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Rosa Parks: A Portrait to Honor

On the second floor of  the National Portrait Gallery, in a hall dedicated to all those who have struggled for justice and committed their lives to social activism, a larger-than-life-sized sculpture by artist Marshall D. Rumbaugh seems to hold sway over all. Capturing a moment in the American stor...





On the second floor of  the National Portrait Gallery, in a hall dedicated to all those who have struggled for justice and committed their lives to social activism, a larger-than-life-sized sculpture by artist Marshall D. Rumbaugh seems to hold sway over all. Capturing a moment in the American story that is by now writ large—the day when Rosa Louise McCauley Parks took her seat at the front of the bus.



Today, Rosa Parks, who died in 2005, would have been 98 years old. Her simple and courageous act of defiance on December 1, 1955, in Montgomery, Alabama, was the tipping point that would spark the Montgomery Bus Boycott and eventually garner lasting recognition for Parks, including the 1979 Spingarn Medal, the Presidential Medal of Freedom and the Congressional Gold Medal.



Flanked by two ominous figures, both hidden behind dark sunglasses, the red, white and blue champion of the modern Civil Rights Movement draws the immediate attention of school children, says Briana Zavadil White, who coordinates school groups and works on teacher programs for the gallery.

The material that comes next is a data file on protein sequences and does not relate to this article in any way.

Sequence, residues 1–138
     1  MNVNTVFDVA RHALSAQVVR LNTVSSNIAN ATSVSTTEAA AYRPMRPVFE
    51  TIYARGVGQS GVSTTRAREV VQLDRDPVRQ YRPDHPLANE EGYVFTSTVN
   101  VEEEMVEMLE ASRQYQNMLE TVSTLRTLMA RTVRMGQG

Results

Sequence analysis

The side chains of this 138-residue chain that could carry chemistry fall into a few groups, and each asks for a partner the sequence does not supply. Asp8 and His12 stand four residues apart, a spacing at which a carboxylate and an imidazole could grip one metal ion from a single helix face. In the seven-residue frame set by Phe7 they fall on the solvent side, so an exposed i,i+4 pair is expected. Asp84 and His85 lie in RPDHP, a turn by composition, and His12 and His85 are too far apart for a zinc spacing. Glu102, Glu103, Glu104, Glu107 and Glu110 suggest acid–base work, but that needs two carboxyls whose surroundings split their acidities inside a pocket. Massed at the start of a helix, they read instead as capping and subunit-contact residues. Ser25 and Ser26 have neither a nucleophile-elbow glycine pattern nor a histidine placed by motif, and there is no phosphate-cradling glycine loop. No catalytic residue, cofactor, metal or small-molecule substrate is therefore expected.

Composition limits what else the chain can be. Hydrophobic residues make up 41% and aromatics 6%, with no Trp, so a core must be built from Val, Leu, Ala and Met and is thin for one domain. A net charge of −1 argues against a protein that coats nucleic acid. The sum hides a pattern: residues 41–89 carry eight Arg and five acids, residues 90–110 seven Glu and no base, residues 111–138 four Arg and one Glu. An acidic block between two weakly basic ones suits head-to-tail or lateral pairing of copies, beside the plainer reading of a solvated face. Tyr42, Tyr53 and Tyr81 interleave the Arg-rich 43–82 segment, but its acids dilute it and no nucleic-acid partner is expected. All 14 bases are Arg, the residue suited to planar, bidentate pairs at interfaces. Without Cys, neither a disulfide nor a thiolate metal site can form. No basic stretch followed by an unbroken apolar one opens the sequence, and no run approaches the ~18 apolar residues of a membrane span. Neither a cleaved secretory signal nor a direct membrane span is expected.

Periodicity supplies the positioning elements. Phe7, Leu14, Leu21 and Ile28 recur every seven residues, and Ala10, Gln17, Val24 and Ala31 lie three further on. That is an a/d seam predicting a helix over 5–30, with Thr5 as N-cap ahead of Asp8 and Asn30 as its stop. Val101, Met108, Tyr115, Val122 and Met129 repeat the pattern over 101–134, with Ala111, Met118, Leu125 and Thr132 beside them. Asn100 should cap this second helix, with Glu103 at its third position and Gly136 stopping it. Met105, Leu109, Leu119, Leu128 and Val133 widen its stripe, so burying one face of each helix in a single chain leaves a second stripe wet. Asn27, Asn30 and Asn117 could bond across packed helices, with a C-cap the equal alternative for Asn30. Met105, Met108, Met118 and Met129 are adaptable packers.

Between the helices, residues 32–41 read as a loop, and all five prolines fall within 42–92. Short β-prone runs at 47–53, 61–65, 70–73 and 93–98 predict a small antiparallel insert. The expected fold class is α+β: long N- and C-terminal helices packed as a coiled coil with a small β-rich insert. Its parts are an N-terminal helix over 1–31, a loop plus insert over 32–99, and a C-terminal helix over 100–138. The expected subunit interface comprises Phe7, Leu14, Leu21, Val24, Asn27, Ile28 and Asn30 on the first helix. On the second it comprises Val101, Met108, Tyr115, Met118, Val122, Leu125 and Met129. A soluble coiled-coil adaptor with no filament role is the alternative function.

The children, White says, immediately recognize the irony of the flag pin on the lapel of the gray-suited official and the red, white and blue outfit of the center figure. "We always begin with observations, before we interpret," White says. "They observe the proportions of the individuals and they usually notice that Rosa Parks is three-dimensional, while the individuals holding her are two-dimensional.



"The men are shaped like triangles—right side up—with small heads, large hands and even larger feet and the students often point to them and say, 'small heads equal small minds,'" White says.



The students, she adds, are frequently "struck by Rosa Parks' expression." At first, her expression seems resigned. "But as we discuss the piece, the children begin to believe that she is looking off into the distance as if deep in thought and holding her ground."
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About Beth Py-Lieberman
Beth Py-Lieberman

Beth Py-Lieberman is the museums editor, covering exhibitions, events and happenings at the Smithsonian Institution. She has been a member of the Smithsonian team for more than two decades.

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